I had bought this book last year and since then was struggling with it. I would read fifty pages or so and give it up for another read. It happens most of the time and that doesn’t mean that the book is bad, maybe the timing for sure is. It has happened to me in the past, so I do not think much of it. So when I picked up “Why We Broke Up” again this time, I was enthralled by the plot and more so by the art by Maira Kalman, which by the way is beautifully done throughout the book.
For every time a couple breaks up there are things that are returned. That is almost the unwritten law of breaking up, of ending it all, of finding the so-called state of “closure”. We return things because they are memories – of times of happiness and now evoke only sadness, which is the truth. Min and Ed, two teenagers whose relationship has ended are at the heart of this novel. They are an improbable couple, who had nothing in common and yet they fell in love. They split ways and the story is narrated from Min’s perspective who is now returning “stuff” that she collected (or stuff that was given by Ed to her) during the course of their relationship, explaining why they broke up and what happened between them.
Min is studying to be a filmmaker, so the entire process and atmosphere of the book is rather dramatic, but only fair, since it is about heartache. There are a lot of references to old films which is brilliant, because I now have to watch most of them. Love also needs so many mediums to speak through. In this case, it is movies.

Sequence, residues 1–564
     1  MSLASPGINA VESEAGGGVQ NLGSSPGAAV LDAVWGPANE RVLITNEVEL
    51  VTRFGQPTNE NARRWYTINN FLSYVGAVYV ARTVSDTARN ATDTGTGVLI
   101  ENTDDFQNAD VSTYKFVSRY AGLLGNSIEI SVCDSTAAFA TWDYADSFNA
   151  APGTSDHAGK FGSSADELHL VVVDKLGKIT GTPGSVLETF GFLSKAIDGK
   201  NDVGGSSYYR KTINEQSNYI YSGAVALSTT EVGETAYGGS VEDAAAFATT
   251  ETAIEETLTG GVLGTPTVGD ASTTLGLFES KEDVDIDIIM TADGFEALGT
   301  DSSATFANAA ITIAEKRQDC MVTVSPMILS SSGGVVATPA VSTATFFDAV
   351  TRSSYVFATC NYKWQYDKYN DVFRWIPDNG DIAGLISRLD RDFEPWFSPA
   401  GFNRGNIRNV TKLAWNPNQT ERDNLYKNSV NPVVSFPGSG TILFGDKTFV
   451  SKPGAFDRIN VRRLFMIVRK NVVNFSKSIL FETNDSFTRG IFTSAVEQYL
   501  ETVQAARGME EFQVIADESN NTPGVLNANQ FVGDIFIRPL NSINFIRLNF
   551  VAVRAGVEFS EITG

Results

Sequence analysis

Heartache at any age is counted for and should be. It is not easy, more so when you are young. I found the story a little too biased, as it was only from Min’s perspective, but that was compensated more so by the plot and writing. What will take you in the most about the book is also the illustrations, which are beautifully and masterfully done so by Maira Kalman. I loved the book so much in most parts and I also thought that maybe I would have loved to hear Ed’s point of view in all of this. After all it is only fair. The secondary characters – the best friends and ex-lovers make for some quirky characters in the book as well. Ed’s sister Joan is a vital character and it is not difficult to fall in love with her.
I do not like reading Young Adult fiction all that much, however as I have said again and again in this post, I loved this book. It is but the nature of love and heartbreak, its universality that would resonate and strike with anyone who reads about it. One more thing: You cannot read it in an electronic book format. The effect and sentiment will not be the same, given the illustrations and also the quality of paper. I recommend you read it, get your heart broken, mend it and then read it all over again.